I was talking with a friend recently about the FOMO that happens for me every year on December 26th when I log into social media and see all the happy families’ holiday posts with kids rampaging gifts and a typical living room completely destroyed with wrapping paper. I almost posted my photos but something stopped me. I think it was the feelings surrounding why I was going to post, it was going to be an effort at getting likes, and approval, for my family’s holiday. I wanted to be JUST like everyone else. Look at us, we were having fun too!
Something made me stop and discard the post. I realized I was going to be posting as a need to feed my ego, instead of an authentic yearning to share with my family and friends my Christmas morning. Plus, my kids don’t like when I post photos of them without their permission, rightfully so. Instead, a close friend captured a photo of me with her pup on Christmas morning. I was sitting on my cough in my pjs, with two sets of reindeer ears, a coffee, a messy house, a sweet pup, and the biggest daggone smile I’ve had on Christmas morning in a long time. It’s not a perfect photo but man does it capture the feeling of gratitude I had that morning. And authenticity. I am so grateful that serving the public is my calling, which means I don’t have to be anyone but EXACTLY who I am to serve. My training and education has led me right where I am in the moment and I am ready to serve.
If you elect me to represent you, you won’t see a lot of perfectly posed photos of me shaking hands and kissing babies, or my perfectly decorated house on Christmas morning (mainly because I couldn’t perfectly decorate if I tried). But you will get someone who is a hard worker, with a ton of energy, and a passion for public service. And you’ll get some pretty interesting photos, maybe even some with roller skates.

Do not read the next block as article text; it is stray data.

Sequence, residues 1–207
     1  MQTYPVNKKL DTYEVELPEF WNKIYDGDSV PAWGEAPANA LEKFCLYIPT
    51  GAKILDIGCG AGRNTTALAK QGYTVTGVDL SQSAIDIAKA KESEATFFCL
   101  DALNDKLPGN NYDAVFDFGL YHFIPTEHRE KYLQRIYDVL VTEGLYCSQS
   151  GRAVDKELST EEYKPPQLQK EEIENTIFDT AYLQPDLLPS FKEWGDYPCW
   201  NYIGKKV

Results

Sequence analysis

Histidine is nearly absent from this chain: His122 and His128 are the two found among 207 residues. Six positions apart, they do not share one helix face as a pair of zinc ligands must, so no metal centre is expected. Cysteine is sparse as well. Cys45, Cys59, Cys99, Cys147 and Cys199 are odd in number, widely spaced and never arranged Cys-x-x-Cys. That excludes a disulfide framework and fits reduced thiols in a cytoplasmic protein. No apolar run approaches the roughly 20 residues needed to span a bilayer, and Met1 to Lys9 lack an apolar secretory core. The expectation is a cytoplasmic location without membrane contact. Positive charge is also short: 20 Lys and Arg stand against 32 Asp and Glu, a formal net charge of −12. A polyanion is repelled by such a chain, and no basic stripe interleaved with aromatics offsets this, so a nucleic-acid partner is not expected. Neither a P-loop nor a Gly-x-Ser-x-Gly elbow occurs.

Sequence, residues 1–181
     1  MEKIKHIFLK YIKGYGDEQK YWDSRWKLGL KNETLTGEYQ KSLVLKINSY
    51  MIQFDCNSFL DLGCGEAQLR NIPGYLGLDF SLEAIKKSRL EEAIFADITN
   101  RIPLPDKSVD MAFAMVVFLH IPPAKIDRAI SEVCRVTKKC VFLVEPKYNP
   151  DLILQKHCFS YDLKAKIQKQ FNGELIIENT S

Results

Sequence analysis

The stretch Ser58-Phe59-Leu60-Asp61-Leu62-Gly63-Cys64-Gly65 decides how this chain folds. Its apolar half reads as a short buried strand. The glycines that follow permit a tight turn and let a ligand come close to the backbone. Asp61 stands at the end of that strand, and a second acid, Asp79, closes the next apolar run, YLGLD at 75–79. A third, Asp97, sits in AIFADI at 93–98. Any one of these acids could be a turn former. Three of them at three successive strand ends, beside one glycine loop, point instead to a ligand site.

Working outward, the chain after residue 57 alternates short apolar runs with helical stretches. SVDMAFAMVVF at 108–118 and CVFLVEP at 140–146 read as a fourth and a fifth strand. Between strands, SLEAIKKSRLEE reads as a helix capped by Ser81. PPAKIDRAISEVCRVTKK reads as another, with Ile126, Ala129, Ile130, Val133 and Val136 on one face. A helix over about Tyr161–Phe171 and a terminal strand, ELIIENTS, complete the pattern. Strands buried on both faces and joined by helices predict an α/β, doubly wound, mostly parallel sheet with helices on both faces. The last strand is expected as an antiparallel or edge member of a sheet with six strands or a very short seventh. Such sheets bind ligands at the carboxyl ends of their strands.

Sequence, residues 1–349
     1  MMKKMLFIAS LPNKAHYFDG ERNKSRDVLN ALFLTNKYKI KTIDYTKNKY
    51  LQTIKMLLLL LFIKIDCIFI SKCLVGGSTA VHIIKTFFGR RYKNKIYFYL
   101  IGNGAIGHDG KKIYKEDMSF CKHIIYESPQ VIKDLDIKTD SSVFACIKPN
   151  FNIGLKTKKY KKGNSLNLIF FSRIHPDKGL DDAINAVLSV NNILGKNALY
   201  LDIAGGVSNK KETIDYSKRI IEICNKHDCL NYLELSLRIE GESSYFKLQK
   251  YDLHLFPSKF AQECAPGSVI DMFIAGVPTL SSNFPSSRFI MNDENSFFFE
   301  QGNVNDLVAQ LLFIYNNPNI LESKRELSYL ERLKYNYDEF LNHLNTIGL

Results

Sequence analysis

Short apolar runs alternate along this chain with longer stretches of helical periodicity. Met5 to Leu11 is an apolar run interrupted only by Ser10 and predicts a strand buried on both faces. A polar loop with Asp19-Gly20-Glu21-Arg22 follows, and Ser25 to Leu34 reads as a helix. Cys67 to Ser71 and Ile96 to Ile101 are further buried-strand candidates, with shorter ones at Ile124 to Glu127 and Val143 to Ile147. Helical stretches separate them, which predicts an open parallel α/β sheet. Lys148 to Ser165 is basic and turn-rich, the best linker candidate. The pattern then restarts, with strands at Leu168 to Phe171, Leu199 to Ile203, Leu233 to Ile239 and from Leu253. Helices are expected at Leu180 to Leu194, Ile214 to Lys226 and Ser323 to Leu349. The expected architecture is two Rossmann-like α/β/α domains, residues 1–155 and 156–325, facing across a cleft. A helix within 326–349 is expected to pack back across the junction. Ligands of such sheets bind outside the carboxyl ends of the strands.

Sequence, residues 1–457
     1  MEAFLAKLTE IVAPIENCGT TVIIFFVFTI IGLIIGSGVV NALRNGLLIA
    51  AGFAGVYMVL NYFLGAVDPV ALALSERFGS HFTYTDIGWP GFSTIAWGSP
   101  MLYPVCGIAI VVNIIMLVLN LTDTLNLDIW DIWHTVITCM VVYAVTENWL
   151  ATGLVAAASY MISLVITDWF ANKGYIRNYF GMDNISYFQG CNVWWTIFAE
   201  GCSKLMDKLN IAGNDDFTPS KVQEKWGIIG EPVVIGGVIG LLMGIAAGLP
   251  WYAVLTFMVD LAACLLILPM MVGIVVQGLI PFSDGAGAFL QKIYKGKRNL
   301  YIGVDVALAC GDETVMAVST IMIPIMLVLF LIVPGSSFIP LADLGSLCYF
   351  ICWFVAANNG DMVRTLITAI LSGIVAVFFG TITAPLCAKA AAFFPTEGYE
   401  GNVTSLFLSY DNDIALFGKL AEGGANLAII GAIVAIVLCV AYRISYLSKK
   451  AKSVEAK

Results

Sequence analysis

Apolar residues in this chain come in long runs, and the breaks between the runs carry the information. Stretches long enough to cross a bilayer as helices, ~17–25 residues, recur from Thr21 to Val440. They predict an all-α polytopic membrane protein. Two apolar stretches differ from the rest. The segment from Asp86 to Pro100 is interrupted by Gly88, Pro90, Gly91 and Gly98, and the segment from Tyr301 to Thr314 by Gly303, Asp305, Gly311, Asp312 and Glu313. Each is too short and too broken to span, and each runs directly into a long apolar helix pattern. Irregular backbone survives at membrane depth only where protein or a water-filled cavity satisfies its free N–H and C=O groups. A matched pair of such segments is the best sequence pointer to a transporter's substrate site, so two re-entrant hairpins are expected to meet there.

2 thoughts on “Not your typical politician”
First of all, I did not know the context of your holiday post. But the smile on your face was genuine and I never gave a second thought to how your holiday was or what might have been “missing.”
Secondly, social media is such a trap. There are already multiple studies showing the negative effects, including increased depression, feelings of isolation, and damage to self esteem. Who knows what the long term will reveal. I think it’s fair to say we are in the infancy of the social media boom and it’s probably here to stay. Maybe it’s still a shiny new toy and we will grow bored with it in the future. Maybe.
So while I can relate to the FOMO, I have to congratulate you on being thoughtful and reflecting on your feelings instead of going for the quick and empty “high” of likes and comments. And I can’t emphasize enough how awesome and amazing you are for the respect you display for your kids. All too often the lessons about respect from parents and authority figures are couched in threats, demands, fear and punishment. Your lesson shows how to be respectful and the value and integrity each person has an inalienable right to as a human on this planet. You are teaching your girls with your own behavior–an enduring and powerful lesson.
I like where I live, but I sure do wish we had someone like you here. Someone passionate about true public service. Your community is lucky to have an advocate like you. Keep on rocking and keep being you: nobody can bring your unique spirit to the table, and that’s a gift that keeps on giving year-round.
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I’m not crying, you’re crying! This response is so meaningful, thank you!